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How to brew the perfect cup

Read our tips to fully unlock the flavour of your tea leaves.

Tea pot

Everyone has his own way of brewing a cup of tea, but there are some basics you cannot pass by to get the best of your loose tea leaves. The right preparation preserves the richness and complexity of the tea, and brewing loose leaf tea is actually much easier than you think. All you need is an infuser large enough to give the tea leaves the room to unfurl and infuse, or a good teapot. 

We'll go through the key points to keep in mind when brewing a cuppa: use fresh water, use the correct amount of tea leaves, watch for the right temperature and stick to the correct brewing time of the tea you are preparing. 


1. Fresh water

Using freshly drawn or filtered water is important when it comes to brew loose leaf teas - or even tea bags but we know the taste won't be the same anyway!Tea loves oxygen as it fully develops the flavours. When the water is boiled more than once, it reduces the level of oxygen. So the higher level of oxygen in fresh water means the flavours will make your cup of tea brighter in taste. So chuck the stale water away, because let's face it, we're all guilty of doing this from time to time...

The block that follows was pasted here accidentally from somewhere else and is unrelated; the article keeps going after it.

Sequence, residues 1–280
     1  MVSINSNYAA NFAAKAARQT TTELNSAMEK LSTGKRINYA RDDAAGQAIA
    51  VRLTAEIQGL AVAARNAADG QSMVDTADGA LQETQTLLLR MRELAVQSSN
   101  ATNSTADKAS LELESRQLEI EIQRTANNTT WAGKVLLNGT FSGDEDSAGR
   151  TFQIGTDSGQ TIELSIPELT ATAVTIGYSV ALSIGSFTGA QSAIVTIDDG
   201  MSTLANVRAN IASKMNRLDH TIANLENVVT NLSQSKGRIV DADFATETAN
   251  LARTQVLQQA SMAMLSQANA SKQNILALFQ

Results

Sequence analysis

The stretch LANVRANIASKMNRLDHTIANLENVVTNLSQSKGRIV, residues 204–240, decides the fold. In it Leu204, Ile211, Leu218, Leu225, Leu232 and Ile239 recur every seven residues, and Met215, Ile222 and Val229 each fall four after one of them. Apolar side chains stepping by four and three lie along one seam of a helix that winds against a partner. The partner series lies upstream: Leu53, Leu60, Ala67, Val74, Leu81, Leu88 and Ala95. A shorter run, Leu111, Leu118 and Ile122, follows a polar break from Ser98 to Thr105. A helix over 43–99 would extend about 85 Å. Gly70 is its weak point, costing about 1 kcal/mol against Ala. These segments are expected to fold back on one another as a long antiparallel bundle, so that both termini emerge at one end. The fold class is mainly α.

Rose Congou

2. Measuring

Brewing loose leaf tea is as easy as tea bags. Use one teaspoon (which is approximately 2g) for 200ml of water, and simply place the tea leaves in your tea infuser or tea pot.

The tea needs room to expand and open up so make sure the tea infuser is large enough. When the tea leaves unfold and fully unfurl, many nuances are extracted from the whole leaves as the water infuses every inch of the leaves. 

3. Water temperature

The temperature of the water is crucial while making a cup of tea. The perfect temperature depends on which tea you are preparing because different teas release their flavour compounds at different temperatures. Also remember that tea leaves can burn, and will then produce a very bitter taste.Black teas can be brewed with water just below the boiling temperature at around 95°C -100°C, while green and delicate teas require water at a lower temperature, around 85°C. Obviously it's easier if you have a thermometer on your kettle, but if you don't don't worry: just leave the kettle lid up for 4-5 minutes after boiling.  

4. Brewing time

 Follow the instructions on the tea pouch which indicate how many minutes you should let the leaves steep, but it also depends on your personal taste. As a general rule, we recommend most of our black teas to be brewed between 3-5 minutes. If you like it stronger, let it brew up to 7 minutes. Green teas and delicate black teas like our Castleton Darjeeling will best best brewed between 2-3 minutes.